Report: Engaging Communities through the Coronavirus Crisis
Publication15 January 2021
As the number of confirmed cases in Malawi rises, and despite the best efforts of national and local authorities, UN agencies and NGOs to sensitise and promote appropriate behaviour change, most Malawians have relaxed their observance of public health guidance (hand-washing, avoiding handshaking and social distancing). Reasons for this decreased adherence to public health advice are hard to determine but there appears to be three broad categories of understanding of Coronavirus among people, even within the same communities. A first group of people know very little about Coronavirus besides its name (Group 1). A second group have heard and understood the public health messages and now want more specifics about the disease and how it is transmitted (Group 2), while a third group have a good understanding of how Coronavirus is transmitted and a desire to take action but lack knowledge and confidence on what feasible actions they can take to protect themselves, their loved ones and convince others around them to do the same (Group 3).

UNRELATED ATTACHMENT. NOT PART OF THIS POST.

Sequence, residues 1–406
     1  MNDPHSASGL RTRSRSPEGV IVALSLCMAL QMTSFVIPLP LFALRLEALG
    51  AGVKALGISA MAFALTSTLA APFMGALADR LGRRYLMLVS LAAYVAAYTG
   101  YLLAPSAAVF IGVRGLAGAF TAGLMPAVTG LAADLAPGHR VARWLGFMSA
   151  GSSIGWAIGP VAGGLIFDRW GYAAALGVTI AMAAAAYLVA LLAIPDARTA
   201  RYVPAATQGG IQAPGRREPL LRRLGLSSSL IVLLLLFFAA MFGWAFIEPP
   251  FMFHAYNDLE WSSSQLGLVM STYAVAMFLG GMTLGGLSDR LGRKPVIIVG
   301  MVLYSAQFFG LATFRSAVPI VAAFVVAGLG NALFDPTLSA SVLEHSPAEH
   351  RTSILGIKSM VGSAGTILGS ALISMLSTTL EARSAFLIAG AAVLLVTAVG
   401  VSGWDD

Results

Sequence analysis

This report, by Community Engagement Specialist Evin Joyce, analyses feedback received from communities in Zomba District, Malawi, in May 2020, underlines challenges and makes recommendations to interested actors on how they can improve the impact of current Risk Communication and Community Engagement (RCCE) interventions, and seeks to propose high-impact, low-cost, scalable RCCE activities adapted to the Coronavirus crisis. These activities can lay the foundation for sustained community engagement that will support communities' longer-term development goals.
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